National News

Keep Cincinnati Beautiful wrongfully billed city for $19.6K, audit finds

Posted August 2

— A city audit found Keep Cincinnati Beautiful wrongfully billed the City of Cincinnati $19,600.

In May, City Manager Harry Black announced the city planned to audit Keep Cincinnati Beautiful at the request of the organization's board chair.

Black released the audit results Wednesday; namely, the internal audit identified $19,600 of services improperly paid to Keep Cincinnati Beautiful.

Of that amount, the audit found $15,707.65 of billed, paid and "not performed and redundant" expenses for projects and services, according to a memo from Black. Also found was $3,924.96 paid due to "misrepresentation of hours worked" on Executive Director Mary Huttlinger's timesheet.

Huttlinger has since resigned as executive director of Keep Cincinnati Beautiful.

Black said he was approached by Alan Lindner, Chair of the Board for Keep Cincinnati Beautiful, in May with concerns about "invoicing irregularities" and wanted the city's assistance to analyze transactions between the city and Keep Cincinnati Beautiful from 2016 to present day.

"The audit findings highlight a lack of KCB internal controls, specifically the absence of a policy and procedure manual," Black wrote in a memo to City Council about the audit.

The audit found the city had been over-billed by at least $14,128 for its share of a program that uses the Hamilton County Sheriff's Inmate Program to pick up litter in the city and the county.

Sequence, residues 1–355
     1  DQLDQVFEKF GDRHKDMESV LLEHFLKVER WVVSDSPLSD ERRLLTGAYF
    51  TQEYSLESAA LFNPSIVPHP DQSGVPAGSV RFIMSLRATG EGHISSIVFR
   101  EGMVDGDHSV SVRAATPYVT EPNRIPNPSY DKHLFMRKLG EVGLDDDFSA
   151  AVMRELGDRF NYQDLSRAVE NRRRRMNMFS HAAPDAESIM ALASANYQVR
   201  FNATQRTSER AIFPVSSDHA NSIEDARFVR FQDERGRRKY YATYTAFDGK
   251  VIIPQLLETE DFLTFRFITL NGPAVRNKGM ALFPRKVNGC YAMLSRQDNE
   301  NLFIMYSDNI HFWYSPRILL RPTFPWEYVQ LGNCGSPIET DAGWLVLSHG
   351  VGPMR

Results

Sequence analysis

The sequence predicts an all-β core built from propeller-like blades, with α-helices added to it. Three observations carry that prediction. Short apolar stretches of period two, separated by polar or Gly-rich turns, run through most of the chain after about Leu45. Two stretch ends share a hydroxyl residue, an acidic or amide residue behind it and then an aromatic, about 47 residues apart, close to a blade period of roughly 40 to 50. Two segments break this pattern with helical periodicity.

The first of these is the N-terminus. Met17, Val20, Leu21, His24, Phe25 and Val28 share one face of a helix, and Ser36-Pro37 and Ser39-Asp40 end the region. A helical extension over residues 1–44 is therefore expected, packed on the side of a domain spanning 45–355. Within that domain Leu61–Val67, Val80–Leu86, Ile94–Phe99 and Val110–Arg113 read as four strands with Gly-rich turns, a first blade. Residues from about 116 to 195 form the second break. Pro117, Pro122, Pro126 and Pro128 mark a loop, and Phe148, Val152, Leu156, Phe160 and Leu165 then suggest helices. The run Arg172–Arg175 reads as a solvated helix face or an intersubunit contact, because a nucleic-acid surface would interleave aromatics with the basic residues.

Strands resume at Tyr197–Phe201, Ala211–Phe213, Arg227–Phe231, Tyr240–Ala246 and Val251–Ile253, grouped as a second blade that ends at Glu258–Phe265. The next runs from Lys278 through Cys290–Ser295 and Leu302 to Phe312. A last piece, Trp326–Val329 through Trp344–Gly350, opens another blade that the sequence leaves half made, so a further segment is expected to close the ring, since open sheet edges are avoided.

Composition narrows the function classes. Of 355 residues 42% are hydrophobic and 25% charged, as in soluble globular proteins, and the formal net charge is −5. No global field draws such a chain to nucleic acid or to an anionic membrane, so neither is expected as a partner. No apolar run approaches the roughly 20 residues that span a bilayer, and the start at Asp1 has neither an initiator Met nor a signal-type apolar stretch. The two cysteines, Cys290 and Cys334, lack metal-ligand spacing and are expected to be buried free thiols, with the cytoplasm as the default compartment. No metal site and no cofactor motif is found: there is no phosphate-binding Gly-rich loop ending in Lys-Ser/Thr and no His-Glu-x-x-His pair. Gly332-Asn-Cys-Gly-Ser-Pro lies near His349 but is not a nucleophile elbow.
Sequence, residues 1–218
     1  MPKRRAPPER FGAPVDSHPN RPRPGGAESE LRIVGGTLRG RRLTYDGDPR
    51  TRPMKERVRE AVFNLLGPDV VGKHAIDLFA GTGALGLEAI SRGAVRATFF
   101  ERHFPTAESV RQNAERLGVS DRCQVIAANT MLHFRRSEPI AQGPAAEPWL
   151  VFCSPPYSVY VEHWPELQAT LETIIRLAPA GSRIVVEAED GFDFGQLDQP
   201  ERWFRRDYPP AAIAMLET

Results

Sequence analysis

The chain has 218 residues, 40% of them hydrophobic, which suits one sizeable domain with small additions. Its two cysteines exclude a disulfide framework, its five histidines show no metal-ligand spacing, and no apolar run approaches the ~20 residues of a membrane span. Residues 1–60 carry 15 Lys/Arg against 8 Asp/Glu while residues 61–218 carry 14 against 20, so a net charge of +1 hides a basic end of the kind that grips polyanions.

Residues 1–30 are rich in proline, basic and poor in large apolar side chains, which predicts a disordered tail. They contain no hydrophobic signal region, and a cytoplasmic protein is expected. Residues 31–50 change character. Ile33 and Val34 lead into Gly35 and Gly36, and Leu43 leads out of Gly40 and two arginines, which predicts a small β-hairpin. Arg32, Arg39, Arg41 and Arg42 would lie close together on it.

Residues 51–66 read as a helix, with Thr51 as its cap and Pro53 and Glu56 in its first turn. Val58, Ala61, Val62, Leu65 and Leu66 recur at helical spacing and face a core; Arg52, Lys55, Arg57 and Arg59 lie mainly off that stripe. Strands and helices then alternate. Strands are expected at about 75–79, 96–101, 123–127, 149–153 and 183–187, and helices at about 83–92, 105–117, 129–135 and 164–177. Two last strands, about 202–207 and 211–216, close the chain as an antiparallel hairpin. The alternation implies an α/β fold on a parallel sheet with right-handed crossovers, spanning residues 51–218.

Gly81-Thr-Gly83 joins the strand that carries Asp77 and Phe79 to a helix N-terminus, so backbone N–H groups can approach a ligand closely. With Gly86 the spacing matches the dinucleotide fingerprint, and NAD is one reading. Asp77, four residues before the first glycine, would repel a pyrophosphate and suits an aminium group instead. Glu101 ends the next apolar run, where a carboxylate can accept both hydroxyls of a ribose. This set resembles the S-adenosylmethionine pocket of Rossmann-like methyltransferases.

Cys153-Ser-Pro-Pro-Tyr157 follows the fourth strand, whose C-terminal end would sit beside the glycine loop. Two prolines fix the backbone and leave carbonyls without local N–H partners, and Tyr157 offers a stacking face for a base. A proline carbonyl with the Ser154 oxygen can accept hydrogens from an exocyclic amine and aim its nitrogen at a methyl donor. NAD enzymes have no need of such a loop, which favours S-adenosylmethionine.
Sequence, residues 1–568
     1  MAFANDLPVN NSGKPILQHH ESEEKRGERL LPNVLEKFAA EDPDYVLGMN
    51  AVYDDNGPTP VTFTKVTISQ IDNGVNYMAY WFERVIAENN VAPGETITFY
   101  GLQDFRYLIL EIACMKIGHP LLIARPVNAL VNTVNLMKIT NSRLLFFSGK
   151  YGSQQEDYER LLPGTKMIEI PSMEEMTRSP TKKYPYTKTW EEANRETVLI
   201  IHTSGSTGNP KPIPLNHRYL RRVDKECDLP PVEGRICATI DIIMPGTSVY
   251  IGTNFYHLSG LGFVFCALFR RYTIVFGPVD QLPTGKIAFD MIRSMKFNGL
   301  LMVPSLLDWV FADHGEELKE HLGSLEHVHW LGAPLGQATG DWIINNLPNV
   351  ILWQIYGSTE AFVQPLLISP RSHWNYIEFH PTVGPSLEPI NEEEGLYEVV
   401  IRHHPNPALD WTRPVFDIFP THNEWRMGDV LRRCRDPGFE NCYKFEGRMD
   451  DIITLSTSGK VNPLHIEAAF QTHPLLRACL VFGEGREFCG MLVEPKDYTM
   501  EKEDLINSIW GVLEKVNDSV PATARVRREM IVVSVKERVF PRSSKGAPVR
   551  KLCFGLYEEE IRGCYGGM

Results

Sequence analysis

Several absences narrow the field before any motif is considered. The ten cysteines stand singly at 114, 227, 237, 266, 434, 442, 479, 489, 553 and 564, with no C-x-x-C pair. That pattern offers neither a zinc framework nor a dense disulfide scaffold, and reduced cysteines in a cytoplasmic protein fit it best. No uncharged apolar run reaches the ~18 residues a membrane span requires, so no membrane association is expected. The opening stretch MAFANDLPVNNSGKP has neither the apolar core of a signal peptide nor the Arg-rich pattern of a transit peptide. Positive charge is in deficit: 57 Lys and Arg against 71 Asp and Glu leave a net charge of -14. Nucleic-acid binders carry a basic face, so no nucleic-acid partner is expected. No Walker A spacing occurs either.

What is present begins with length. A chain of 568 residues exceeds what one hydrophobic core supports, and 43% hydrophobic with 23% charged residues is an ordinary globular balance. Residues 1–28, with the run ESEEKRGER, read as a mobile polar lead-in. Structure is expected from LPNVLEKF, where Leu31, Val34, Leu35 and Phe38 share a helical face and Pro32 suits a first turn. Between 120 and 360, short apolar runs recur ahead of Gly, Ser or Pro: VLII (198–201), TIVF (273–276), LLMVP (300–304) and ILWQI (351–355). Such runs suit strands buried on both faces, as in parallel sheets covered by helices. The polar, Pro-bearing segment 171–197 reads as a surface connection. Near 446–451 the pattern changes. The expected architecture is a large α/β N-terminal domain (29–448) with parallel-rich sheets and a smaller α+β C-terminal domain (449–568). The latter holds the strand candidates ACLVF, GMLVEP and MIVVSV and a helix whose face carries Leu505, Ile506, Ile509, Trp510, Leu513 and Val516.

The audit also found that the nonprofit's former director took more sick and vacation time than she was allowed.

"During the course of the audit, multiple KCB staff members communicated that the director was often absent from the office ... there were several instances in which the director articulated to staff she was attending meetings offsite, although other individuals present at the offsite meetings relayed the director was not present," according to the audit, which also stated it was unable to confirm these allegations.

Keep Cincinnati Beautiful was created in 1978 to address urban blight in the city's core. The nonprofit received approximately $1 million in city funds in 2016 and 2017.

A 21-member board provides oversight of the nonprofit, which employs nine and relieves heavily on volunteers.

Going forward, the city will develop performance metrics and standards for all outside groups that receive city money, including Keep Cincinnati Beautiful, "to ensure performance outcomes are clearly defined and met," Black wrote.

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